This is the last post in our series about Chiang Mai. If you missed one of the earlier posts you can use the links on the right hand side of this page to view those posts as well.
Thai food is awesome. If you've ever had any, you know what I'm talking about. Thai food in Thailand is even better! So, we had to take a cooking class to show us how to make authentic Thai food. Here's Jennifer - with a knife! We had to chop up a lot of really unique ingredients, like lemon grass, turmeric, galengal, finger ginger, and of course super-hot Thai chilies!
The standard Thai cooking method is stir-fry in a wok. We all got to have a chance to cook our own food in a wok. For those of you that have never cooked in a wok - it's really fun! You should definitely try it!!
The first thing we made was phad thai, or fried noodles. Here is a picture of my finished product. I cooked it, then I ate it, and I lived to tell the tale.
We also made the most famous of all thai dishes - green curry! A pre-requisite for authentic green curry is, of course, green curry paste. I took a turn mashing the lemon grass, chilies, scallions, and varieties of ginger root in this stone mortar and pestal. Cool hat, huh?
The other main ingredient in green curry is coconut milk. We milked our own coconuts by soaking the flesh in water and then squeezing the milk through a cheese cloth. Here is Jennifer as a coconut milk maid! Her mom would be proud!
In case you're wondering, Craig was not interested in cooking. Instead, he provided entertainment to the staff by showing them how to use the iBabysitter (iPad to all the rest of you).
Can't you just smell the yummy spicy but sweet with baby eggplant, corn, chicken galengal, turmeric, finger ginger and lemongrass goodness? Okay, gotta run to eat some of that stuff!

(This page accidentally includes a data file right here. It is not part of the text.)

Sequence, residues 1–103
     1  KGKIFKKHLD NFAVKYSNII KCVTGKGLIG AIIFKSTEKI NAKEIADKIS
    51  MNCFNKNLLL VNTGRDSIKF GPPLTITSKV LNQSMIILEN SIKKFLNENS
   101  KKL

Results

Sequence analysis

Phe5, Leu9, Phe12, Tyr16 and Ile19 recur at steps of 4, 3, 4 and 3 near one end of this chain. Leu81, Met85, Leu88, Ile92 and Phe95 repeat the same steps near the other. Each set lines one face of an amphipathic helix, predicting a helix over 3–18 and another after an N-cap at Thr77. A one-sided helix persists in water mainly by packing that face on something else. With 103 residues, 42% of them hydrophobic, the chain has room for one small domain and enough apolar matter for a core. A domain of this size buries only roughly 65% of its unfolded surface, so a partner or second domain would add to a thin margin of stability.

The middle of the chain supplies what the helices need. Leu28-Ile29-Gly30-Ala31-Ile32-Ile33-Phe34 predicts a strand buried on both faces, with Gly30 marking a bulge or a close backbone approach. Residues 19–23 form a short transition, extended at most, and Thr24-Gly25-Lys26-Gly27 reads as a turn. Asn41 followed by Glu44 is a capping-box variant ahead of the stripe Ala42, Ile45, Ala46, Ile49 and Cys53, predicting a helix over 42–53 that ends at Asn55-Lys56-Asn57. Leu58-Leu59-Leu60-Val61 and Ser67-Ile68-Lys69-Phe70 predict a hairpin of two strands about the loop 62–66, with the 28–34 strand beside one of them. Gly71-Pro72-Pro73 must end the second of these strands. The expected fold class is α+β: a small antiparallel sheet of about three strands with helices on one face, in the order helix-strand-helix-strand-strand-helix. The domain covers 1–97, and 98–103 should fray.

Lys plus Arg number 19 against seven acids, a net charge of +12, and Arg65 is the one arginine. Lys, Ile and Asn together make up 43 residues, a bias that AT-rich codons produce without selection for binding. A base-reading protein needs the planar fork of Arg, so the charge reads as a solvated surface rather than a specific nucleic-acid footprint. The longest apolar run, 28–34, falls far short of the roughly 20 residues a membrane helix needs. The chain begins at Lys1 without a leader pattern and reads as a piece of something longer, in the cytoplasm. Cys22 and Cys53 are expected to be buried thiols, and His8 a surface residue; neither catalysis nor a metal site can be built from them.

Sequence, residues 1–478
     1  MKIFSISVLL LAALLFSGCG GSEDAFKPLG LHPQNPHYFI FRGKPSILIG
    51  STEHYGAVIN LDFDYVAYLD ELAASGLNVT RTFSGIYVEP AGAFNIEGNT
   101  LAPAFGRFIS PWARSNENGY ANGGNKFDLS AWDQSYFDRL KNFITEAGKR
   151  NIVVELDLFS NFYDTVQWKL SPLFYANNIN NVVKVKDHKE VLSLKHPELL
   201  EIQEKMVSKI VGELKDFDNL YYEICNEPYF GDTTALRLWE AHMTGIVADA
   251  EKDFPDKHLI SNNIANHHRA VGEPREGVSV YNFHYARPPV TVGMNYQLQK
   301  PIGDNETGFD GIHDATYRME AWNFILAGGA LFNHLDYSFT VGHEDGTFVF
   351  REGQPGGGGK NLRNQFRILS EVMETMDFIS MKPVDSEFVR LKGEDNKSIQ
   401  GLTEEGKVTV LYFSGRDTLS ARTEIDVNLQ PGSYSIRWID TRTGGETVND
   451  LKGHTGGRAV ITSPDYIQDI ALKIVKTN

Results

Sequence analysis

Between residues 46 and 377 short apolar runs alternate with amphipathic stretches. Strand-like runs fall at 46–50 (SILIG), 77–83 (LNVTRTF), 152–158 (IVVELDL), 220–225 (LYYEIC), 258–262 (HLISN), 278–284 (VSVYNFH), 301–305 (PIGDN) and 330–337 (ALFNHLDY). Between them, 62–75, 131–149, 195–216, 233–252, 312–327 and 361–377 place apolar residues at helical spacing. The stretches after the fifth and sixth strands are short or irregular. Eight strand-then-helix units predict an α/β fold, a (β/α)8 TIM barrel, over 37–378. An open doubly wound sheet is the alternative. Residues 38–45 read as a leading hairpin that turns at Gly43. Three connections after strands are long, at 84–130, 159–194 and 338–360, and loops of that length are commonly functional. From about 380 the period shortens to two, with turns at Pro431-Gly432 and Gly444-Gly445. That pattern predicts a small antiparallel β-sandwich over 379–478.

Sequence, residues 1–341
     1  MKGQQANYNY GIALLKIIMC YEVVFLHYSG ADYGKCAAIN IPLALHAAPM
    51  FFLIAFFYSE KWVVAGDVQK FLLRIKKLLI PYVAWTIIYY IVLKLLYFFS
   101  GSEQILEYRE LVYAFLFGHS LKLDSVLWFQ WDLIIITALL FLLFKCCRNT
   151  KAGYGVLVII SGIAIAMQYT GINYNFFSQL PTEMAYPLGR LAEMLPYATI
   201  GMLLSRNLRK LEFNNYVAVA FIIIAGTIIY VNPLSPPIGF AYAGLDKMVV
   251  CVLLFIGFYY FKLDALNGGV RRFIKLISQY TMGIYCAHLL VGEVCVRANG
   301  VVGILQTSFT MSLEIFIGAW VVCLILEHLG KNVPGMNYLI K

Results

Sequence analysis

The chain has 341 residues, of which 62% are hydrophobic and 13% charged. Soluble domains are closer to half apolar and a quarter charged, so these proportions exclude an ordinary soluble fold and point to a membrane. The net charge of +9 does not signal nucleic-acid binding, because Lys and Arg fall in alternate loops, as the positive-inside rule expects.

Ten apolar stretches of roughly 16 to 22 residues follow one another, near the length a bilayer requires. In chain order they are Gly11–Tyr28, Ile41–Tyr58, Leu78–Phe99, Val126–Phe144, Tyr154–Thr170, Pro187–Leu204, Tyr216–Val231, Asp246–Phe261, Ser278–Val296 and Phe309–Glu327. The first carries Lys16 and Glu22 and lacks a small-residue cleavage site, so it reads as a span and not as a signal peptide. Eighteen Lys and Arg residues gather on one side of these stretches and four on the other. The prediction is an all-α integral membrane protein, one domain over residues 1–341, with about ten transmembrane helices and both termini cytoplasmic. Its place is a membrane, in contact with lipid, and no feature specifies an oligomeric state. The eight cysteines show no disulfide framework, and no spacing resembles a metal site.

Okay, I'm back! Chaing Mai is part of the Silk Road due to it's close proximity to the Golden Triangle (where Thailand, Laos, and China all intersect). As such, there are many silk villages nearby that still produce silk products. We got to see how Thai silk is made. It all begins when a silk moth lays a small egg. Those small yellow specs are actually silkworm eggs!
Eventually that small little dot hatches into tiny silkworms or caterpillars, that eat mulberry leaves. These worms just eat and eat and eat, until they get to me about an inch and a half in length.
Once they are big enough they start to spin their cocoon. The cocoon is made of a long, thin, continuous strand of pure silk.
Next comes the part where humans take the cocoons and turn it into silk yarn. The process starts with boiling the cocoons to kill the worms. Then, the silk is pulled out of the pot and wound into a bundle of yarn using a spindle.
Here's craig next to a pile of silk yarn. The yellow colored silk is raw, untreated silk. The blue and white bundles have been dyed.